There’s a familiarity in Blink’s marketing campaign for the XT2 that spans generations of tech products. It’s cheaper, faster, wireless, and has double the battery life. While these are “boring” bullet points this day in age, they’re important points to a product whose entire purpose is to not only monitor your premises 24/7 but to also do it wirelessly and on 2 AA batteries without having to change them for 2 years.
At 25% cheaper than the first-generation Blink cameras, the Blink XT2 is less than half the price of Nest’s Outdoor Cam yet it doesn’t require any kind of subscription for an entire year’s worth of video storage. Our 2-camera review unit retails for $179, but we’ve seen it as low as $99 as of this review.
But does the cheaper cost and wireless nature make this an ultimately worse experience than a comparable system from a company like Google Nest? Let’s start with what’s in the box.
An Easy Setup
Our 2-camera review unit was a standard retail box that contained the camera, camera mount, 2 screws for the mount, 2 AA Energizer Ultimate Lithium batteries, stickers, and an installation guide.
Setup is as simple as you would hope. Download the Blink app and create an account. Unpack the sync module and scan the QR code on the back. Plug it in and wait for the green light. Unpack your first camera, drop the batteries in, scan the QR code, and then go mount it where you want.
It’s really as simple as it gets, and there’s really nothing to configure out of the box just to get it working.
Now for the annoying part: the cover design. I strongly dislike the cover design. There aren’t many times when I would use the word hate to describe a product, but that cover really needs a new design. It’s incredibly difficult to pull off without feeling like I’m breaking the thing, and it doesn’t ever feel like it fits snuggly back on the unit either.
After having used the Blink XT2 for several weeks at the end of summer, including a slew of torrential downpours and windy Summer storms, I’m confident the product design adequately protects the precious electronics inside. I just wish it weren’t such a pain to open. It’s also IP65 rated for water and dust resistance, so unless you’re taking it for a swim or the cover isn’t all the way on, there’s little worry that the camera won’t last in any outdoor condition.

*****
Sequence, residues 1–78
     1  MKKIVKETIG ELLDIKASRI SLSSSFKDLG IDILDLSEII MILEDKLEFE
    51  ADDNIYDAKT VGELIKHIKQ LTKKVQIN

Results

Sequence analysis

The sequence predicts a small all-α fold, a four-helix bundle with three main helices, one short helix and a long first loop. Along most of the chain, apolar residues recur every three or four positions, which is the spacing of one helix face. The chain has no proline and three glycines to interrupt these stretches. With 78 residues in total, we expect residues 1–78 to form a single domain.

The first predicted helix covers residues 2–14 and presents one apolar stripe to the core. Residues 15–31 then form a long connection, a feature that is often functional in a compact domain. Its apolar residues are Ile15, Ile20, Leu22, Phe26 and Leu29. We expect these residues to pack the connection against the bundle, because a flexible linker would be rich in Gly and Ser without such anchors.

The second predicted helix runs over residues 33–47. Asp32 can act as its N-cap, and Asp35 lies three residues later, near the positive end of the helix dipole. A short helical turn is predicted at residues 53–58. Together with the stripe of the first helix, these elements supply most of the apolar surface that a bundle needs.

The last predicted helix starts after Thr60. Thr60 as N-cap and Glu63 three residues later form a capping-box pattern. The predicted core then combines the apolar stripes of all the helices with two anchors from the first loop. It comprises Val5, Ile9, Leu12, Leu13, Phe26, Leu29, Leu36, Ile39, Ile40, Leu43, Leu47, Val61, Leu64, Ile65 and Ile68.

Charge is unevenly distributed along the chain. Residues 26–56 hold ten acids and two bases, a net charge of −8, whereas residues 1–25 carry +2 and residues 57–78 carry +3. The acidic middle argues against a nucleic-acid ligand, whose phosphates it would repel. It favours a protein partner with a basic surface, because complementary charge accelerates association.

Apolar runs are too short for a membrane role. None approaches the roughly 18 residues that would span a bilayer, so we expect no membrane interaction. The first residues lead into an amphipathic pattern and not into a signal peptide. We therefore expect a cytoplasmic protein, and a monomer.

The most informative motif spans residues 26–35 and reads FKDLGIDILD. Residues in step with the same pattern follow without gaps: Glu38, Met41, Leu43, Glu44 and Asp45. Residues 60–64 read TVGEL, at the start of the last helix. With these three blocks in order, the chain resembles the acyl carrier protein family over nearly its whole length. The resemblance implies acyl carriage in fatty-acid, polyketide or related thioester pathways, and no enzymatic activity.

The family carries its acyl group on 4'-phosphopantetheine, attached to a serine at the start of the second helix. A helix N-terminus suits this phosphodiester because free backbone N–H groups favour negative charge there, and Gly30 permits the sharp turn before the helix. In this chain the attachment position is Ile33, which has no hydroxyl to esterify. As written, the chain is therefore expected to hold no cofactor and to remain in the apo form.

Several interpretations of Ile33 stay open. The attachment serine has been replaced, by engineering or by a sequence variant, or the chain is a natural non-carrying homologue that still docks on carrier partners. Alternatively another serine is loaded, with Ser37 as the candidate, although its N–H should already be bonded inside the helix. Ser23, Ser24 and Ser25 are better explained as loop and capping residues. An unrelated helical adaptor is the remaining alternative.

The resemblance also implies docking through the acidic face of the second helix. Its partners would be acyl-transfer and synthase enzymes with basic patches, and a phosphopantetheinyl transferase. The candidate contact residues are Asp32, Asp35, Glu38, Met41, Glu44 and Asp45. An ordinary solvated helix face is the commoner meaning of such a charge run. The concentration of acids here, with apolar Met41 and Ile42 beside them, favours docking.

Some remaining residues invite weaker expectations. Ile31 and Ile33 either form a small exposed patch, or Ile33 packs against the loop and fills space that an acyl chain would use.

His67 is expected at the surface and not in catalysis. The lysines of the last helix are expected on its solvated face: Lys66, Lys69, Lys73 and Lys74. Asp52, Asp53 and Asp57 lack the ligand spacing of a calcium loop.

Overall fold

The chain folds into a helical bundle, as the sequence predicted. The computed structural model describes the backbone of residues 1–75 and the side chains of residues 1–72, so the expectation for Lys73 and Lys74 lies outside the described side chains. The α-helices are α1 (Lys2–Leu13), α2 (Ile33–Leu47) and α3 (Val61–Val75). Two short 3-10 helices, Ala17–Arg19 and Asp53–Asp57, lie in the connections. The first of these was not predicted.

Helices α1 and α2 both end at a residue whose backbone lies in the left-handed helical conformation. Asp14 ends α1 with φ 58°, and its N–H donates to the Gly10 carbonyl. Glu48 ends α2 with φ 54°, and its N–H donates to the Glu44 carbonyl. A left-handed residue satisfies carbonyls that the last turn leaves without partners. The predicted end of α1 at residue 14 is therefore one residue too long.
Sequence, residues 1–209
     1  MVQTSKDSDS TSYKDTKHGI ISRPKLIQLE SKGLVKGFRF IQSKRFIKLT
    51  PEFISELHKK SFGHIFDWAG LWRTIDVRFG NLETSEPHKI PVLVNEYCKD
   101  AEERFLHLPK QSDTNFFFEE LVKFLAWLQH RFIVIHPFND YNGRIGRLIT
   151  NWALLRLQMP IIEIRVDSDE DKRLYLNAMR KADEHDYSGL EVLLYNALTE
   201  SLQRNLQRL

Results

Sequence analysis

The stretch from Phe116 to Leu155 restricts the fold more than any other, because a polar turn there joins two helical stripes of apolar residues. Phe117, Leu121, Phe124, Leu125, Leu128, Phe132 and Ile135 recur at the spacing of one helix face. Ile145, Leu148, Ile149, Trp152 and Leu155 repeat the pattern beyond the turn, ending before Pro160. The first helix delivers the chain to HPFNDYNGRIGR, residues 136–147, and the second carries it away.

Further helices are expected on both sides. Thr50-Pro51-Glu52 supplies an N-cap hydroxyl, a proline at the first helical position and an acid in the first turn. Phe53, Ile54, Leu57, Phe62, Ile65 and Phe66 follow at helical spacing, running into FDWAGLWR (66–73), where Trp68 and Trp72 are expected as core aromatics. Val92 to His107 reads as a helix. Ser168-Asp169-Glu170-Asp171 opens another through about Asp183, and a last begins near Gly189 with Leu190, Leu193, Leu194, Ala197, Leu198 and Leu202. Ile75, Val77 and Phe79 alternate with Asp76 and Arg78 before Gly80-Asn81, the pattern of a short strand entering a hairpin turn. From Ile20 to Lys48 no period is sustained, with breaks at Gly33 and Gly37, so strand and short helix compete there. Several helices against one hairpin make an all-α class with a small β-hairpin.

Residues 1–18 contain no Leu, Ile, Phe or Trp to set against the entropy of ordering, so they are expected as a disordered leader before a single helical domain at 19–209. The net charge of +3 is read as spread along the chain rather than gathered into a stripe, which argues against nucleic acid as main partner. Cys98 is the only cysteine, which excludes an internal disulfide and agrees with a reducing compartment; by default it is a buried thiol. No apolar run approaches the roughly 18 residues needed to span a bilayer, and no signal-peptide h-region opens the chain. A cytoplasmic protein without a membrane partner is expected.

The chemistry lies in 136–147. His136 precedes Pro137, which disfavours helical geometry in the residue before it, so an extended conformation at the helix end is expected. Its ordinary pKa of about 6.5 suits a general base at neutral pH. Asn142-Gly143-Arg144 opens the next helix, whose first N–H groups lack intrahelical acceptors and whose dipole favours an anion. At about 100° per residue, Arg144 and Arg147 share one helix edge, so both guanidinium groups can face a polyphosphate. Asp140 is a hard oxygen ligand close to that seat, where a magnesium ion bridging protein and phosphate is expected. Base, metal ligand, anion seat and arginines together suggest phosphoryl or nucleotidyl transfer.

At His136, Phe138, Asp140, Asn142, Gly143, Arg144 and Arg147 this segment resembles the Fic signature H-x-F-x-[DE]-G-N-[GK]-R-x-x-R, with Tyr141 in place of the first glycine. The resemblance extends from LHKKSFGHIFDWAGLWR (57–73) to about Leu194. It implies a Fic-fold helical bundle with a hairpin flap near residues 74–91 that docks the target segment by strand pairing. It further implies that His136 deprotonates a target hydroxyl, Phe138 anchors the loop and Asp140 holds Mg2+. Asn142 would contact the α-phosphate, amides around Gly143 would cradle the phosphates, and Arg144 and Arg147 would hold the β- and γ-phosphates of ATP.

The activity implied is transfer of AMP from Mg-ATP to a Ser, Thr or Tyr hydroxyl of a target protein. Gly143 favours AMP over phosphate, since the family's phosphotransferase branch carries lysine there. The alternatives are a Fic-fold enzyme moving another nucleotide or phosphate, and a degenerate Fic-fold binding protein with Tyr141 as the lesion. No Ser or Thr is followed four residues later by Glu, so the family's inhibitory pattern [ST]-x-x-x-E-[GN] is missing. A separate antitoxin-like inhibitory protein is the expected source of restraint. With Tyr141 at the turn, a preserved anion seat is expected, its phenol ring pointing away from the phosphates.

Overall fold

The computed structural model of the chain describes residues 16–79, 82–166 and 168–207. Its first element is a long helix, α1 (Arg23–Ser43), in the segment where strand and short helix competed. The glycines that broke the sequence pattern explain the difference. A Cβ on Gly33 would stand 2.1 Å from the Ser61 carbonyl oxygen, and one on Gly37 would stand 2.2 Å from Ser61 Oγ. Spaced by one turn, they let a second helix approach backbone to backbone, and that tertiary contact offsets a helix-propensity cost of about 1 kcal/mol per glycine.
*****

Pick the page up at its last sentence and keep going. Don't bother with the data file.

Thankfully, Blink rates the battery life at a whopping 2 years with the included AA batteries, but they also didn’t pack in Dollar Store brand batteries either, so your mileage may vary depending on the brand you replace them with.
While it’s wireless and also runs on 2 AA batteries, the Blink XT2 can record an estimated 80,000-seconds of video on just those two batteries. That’s double the rated 40,000-seconds from the original Blinks. Unlike Nest, however, there’s no constant recording feature, so you’ll be relying solely on the motion detection feature in most cases.
The video feed can be viewed live at any time, and there’s even an option to always record live viewings for later storage, meaning if you’re feeling rather paranoid (or if something fishy is actually happening), you can leave the live feed open and have it record everything that’s seen.
Clips for motion detection record for 5-seconds by default but can be extended to 60-seconds if you so desire.
Wireless Has Its Negatives (And Positives, too)
Be warned, though, that the decision to go wireless means Blink has to have some way of extending battery life. Those methods can result in a lower quality overall experience, when compared to a wired camera, depending on where you place the cameras. These cameras connect via both WiFi and to the Hub, which gives a range of options and helps consumers find the best network setup for their configuration.
There are no options for increased WiFi range at the expense of battery life, though, and it’s clear that some consumers will simply be unable to use the XT2 the way they want if the units are too far away from a good connection. There’s nothing Blink can do about poor WiFi reception outdoors, especially with brick or block homes when the router is inside, but the hub could help alleviate issues by placing it outdoors or close to a window facing the cameras.
The biggest issue with battery life savings isn’t the WiFi range though, it’s the 10-second retrigger time. This means that the camera waits 10 seconds between each recording to check for motion again, leaving, at minimum, a 10-second window for a crook to sneak past your cameras.
There’s a minute possibility that someone could falsely trigger the camera’s motion detection by throwing something and then passing by in this window, but there are more than enough variables to prevent this from happening. Longer recording times would make estimating the retrigger window virtually impossible, and multiple cameras would help cut down on dead zones as well. It’s a worry, for sure, but not likely a reality.
The video quality is plenty high, and at 1080p resolution with a maximum of 30 frames-per-second you won’t have to worry about blurry or low-quality footage. An infrared light emitter just below the camera means you can see perfectly in the dark, even all the way across your yard, and the 110-degree angle is plenty wide to see all around the unit. That’s 20-degrees narrower than Nest’s 130-degree angle lens, but it likely won’t have much effect in most circumstances and ultimately produces a less distorted image.